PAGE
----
The Core 100 program invites students and faculty from the College to join us for our weekly lecture series. Each week, all of the first-year students participate in lecture-discussions with about 400 of their classmates. We have space in the Center for the Arts (Building 1P) Williamson Theatre to accommodate individual guests and can have as many as two additional classes at each of the lectures. No permission is needed for classes to attend, but please notify Donna Scimeca (718.982.3405) if you plan to bring a class.

The lectures are 50 minutes and are all in the Williamson Theatre. They meet on the following days/times: Wednesdays at 1:25pm and 3:35pm; on Thursdays at 8:00am, 10:10am, 4:40pm, and 6:30pm; and on Saturdays at 10:10am.

The focus of the Core Lecture Series, this semester, will be to directly link the program’s curriculum to current events.


The Lecture Series Schedule for the Week of Sept. 4, 2017

Wednesday, Sept. 6:

-1:25pm: “Harvey, John, and the Iroqouis,” presented by Deborah DeSimone

This lecture will explore the devastation caused by Hurricane Harvey and the rationale for the federal government’s involvement in disaster relief. Questions regarding the proper role of government, private property, and unity are explored in relation to the influence on the Founding Fathers of John Locke and the Iroquois Confederacy.

Deborah DeSimone is an Associate Professor of Education in the School of Education at CSI. She has been on the CSI faculty since 1993 and was a member of the cadre of professors who designed and first implemented Core 100. Her specialty areas are social studies education and U.S. History. Prof. DeSimone’s undergraduate degree is from Brown University and her graduate degrees are from Columbia University Teachers’ College.

-3:35pm: “‘The Social Contract’ – Its Relevance and Application – Then and Now,” presented by William Fallon

This lecture will begin with a brief analysis of John Locke and his Social Contract proposal. Along with Locke, Thomas Paine will also be mentioned due to his radical viewpoints concerning government. The discussion will then shift toward the Social Contract as it applies to the U.S. today. Challenging questions and issues will be posed to the student body that correlate to the government’s responsibility to the people. Examples of current and present-day issues ripped from the headlines will include (1) Government’s role in the response to Hurricane Harvey, (2) Tax reform, and (3) The North Korean dilemma.

William Fallon is an Adjunct Professor in CSI’s Core program. He is currently in his fifth semester teaching the course. He earned his MA in History from CSI in 2013. His focus is 20th-Century U.S. History and U.S. Foreign Policy.

Thursday, Sept. 7:

-8:00am and 10:10am: “Yellow Journalism and Fake News,” presented by Sean Doyle

During the heightened atmosphere of the Trump presidency, “fake news” has been receiving a lot of attention. This lecturer will discuss the issue of “fake news,” and will also examine the phenomenon of “yellow journalism” from the late 19th Century.

Sean Doyle retired from teaching high school in 2012, and has been teaching Core for six years. Professor Doyle received a General Education Diploma (GED), a Bachelor of Arts in History, and a Master of Arts in Liberal Arts from the College of Staten Island in the early 1990s.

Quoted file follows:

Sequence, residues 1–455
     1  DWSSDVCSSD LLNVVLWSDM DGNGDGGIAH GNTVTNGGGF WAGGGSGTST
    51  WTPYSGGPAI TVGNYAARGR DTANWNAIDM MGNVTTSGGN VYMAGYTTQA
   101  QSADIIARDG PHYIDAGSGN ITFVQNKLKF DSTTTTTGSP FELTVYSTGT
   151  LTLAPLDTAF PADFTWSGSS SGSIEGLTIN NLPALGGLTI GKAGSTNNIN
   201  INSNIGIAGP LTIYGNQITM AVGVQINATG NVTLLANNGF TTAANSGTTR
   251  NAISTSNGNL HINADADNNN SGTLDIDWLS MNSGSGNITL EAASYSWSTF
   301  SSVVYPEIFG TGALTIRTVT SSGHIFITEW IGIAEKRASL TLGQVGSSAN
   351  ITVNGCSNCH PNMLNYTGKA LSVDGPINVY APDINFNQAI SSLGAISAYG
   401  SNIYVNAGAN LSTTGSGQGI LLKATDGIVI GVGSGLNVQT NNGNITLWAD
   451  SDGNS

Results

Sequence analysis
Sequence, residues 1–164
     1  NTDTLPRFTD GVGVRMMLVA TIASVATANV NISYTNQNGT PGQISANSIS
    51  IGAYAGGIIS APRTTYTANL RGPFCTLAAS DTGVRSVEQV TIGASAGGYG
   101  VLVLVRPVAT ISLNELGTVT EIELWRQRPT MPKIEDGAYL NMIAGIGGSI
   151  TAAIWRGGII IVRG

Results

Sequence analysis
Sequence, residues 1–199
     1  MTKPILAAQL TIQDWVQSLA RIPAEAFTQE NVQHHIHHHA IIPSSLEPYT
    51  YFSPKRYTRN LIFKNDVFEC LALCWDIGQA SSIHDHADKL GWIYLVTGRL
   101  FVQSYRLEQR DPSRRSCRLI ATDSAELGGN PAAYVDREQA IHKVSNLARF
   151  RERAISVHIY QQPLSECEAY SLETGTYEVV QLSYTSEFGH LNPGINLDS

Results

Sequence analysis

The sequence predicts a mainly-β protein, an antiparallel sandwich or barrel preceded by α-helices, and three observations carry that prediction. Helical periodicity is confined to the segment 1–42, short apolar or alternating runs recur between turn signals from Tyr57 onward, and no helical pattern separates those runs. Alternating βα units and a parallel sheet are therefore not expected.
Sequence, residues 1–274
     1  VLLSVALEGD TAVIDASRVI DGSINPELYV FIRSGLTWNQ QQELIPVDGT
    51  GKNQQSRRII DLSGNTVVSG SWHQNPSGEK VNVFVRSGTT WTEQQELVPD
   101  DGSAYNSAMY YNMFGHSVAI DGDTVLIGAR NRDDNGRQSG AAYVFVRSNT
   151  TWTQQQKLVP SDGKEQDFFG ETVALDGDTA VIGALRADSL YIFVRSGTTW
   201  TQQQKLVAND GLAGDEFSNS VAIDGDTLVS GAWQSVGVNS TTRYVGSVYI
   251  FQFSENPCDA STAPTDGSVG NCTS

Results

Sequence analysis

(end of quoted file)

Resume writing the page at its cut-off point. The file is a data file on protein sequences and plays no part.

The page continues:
-4:40pm: “You Have to See It to Believe It,” presented by David Loncle

This lecture will review examples for students exploring the relationship between identity, perspective, and conceptual frames as they impact our social and political systems through themes such as “fake news,” the Syrian refugee crisis, and national populism.  This lecture is intended to enrich and diversify the conversation around these issues and give students novel ways to comprehend volatile issues.

David Loncle is an Adjunct Assistant Professor and has been with the Core program since fall 2015. He comes to Core from the PCA Department, where he has taught studio art since 2009.

-6:30pm: “The United States Supreme Court,” presented by Anthony Casella

This lecture will provide an in depth look at The Supreme Court of the United States (sometimes colloquially known as “SCOTUS”) the highest federal court of the United States. Established pursuant to Article III of the United States Constitution in 1789, it has ultimate (and largely discretionary) appellate jurisdiction over all federal courts and over state court cases involving issues of federal law, plus original jurisdiction over a small range of cases. In the legal system of the United States, the Supreme Court is the final interpreter of federal constitutional law, although it may only act within the context of a case in which it has jurisdiction.  In recent months, President Trump, in trying to fulfill a campaign promise (enacting a Travel Ban) signed Executive Orders 13769 and 13780 into law. This lecture will look at the Federal courts’ response to these signed Executive Orders.

Anthony Casella has been a member of the Core faculty since 2009. He earned both a Bachelor of Arts in History and a Master’s of Science in Education from St. John’s University. Professor Casella also received a Master’s in Administration and Supervision from CSI/CUNY. He currently is an Assistant Principal at PS 25R South Richmond HS in Staten Island.

Saturday, Sept. 9:

-10:10am: Lecture presented by Peter Ronalds

Peter Ronalds is a Doctor of Arts Modern World History, St. John’s University, 1998. He has been teaching Core 100 and history classes since 1998.